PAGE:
The calcaneus has been of particular interest to researchers investigating this question due to its critical locomotor and weight-bearing roles. During normal human walking heel strike represents the beginning of the stance phase in the gait cycle (Levine et al., 2014), which loads the calcaneus with every step. Previous studies of calcaneal external variation have found significant differences in calcaneal anteroposterior length between Medieval and Post-Medieval populations, which was attributed to changes in footwear (Albee, 2022), and a relatively wider anterior/middle talar facet in non-sedentary populations, thought to be a consequence of relatively higher loading through the calcaneus (Harper et al., 2022b). A recent analysis of whole-bone calcaneal internal structure found that bone volume fraction is relatively higher in hunter-gatherers than mixed-strategy agriculturalists, likely due to increased mechanical loading associated with a more mobile lifestyle (DeMars et al., 2021). The relationships between whole-bone calcaneal external shape and activity level, subsistence strategy, and footwear, however, have yet to be investigated. Recent studies of calcaneal external shape among nonhuman great apes have found significant differences among species/subspecies within a genus that have subtle differences in locomotor repertoires, suggesting that the calcaneus is a fruitful location to investigate these relationships (Harper et al., 2021a; Harper et al., 2021b; Harper et al., 2022b). It is also important to note however, that some morphological differences seen in calcaneal external morphology may also be related to phylogeny and relationships within the genus Homo (e.g., Pablos et al., 2014; Trinakus et al., 2014; Harcourt-Smith et al., 2015; Pablos et al., 2019).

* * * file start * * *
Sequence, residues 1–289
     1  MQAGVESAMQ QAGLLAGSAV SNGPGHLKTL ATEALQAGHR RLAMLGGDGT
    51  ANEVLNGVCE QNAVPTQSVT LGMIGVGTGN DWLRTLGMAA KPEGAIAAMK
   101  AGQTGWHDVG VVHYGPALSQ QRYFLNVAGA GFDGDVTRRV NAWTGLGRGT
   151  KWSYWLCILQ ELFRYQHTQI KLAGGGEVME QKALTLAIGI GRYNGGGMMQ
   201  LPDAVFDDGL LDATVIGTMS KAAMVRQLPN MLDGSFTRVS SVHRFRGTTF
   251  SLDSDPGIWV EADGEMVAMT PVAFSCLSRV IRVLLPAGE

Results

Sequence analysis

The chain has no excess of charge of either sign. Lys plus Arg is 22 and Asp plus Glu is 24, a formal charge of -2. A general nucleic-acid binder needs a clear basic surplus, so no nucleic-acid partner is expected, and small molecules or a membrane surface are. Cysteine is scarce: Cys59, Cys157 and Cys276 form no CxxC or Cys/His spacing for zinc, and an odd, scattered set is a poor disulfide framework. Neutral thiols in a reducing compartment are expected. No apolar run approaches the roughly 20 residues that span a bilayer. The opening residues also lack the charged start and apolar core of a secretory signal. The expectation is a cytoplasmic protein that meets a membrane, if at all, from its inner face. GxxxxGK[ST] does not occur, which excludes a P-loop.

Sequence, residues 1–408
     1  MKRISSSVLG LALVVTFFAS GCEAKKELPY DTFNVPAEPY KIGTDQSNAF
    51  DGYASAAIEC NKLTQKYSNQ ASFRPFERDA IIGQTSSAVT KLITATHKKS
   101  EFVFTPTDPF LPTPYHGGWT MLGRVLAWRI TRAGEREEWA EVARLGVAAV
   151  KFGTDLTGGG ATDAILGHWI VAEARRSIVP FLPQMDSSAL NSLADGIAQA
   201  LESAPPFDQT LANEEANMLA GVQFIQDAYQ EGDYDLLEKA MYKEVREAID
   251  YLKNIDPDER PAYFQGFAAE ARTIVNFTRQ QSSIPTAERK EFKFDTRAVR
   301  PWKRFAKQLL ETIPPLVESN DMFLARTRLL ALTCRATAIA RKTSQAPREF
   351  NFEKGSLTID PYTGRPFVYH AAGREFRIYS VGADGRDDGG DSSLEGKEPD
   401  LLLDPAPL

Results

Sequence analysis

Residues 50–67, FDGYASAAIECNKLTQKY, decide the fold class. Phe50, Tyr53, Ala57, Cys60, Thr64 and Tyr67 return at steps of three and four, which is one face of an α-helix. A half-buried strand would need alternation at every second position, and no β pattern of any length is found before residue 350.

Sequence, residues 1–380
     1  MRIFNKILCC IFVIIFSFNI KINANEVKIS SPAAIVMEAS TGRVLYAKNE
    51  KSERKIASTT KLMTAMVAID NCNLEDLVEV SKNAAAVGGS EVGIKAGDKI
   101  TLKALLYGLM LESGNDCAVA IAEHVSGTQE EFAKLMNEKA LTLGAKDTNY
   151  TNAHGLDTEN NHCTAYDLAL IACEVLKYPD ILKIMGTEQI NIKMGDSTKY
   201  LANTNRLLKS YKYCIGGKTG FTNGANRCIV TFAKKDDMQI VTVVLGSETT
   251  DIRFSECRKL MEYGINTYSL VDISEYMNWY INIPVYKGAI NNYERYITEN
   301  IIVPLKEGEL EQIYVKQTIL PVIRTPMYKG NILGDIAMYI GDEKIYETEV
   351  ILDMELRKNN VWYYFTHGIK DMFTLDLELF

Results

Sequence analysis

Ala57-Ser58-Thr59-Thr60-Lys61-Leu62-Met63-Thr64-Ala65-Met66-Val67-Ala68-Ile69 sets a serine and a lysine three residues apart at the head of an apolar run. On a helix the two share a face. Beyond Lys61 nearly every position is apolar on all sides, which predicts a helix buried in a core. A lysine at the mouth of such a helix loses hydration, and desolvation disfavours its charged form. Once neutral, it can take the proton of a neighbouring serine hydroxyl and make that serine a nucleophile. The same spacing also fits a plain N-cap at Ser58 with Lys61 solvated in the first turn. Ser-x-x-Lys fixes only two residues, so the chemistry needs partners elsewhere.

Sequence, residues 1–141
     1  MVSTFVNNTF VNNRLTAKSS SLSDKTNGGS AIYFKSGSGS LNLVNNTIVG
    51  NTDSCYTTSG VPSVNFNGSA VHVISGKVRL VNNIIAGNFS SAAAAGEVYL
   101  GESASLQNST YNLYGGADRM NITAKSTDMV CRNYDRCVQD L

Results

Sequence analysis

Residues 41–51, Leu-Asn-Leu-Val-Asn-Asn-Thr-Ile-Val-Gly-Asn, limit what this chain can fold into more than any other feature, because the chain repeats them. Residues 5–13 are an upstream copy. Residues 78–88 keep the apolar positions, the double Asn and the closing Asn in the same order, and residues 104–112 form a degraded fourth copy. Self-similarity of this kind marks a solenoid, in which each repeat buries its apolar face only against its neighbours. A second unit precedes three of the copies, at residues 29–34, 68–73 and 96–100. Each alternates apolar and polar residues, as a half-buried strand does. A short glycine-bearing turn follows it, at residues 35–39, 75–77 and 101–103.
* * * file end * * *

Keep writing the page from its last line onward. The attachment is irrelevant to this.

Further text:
Here the entire external shape of the calcaneus is investigated among three human populations that differ in subsistence strategy, activity level, and footwear to test the hypothesis that calcaneal external morphology is impacted by lifestyle differences among humans. Non-sedentary populations (hunter-gatherers) are predicted to exhibit relatively wider, more robust calcanei than less active populations due to relatively higher mechanical loading through the calcaneus, consistent with findings in other skeletal elements (e.g., Ruff et al., 1993; Trinkaus, 2005; Chirchir et al., 2015; Chirchir et al., 2017; Sorrentino et al., 2020).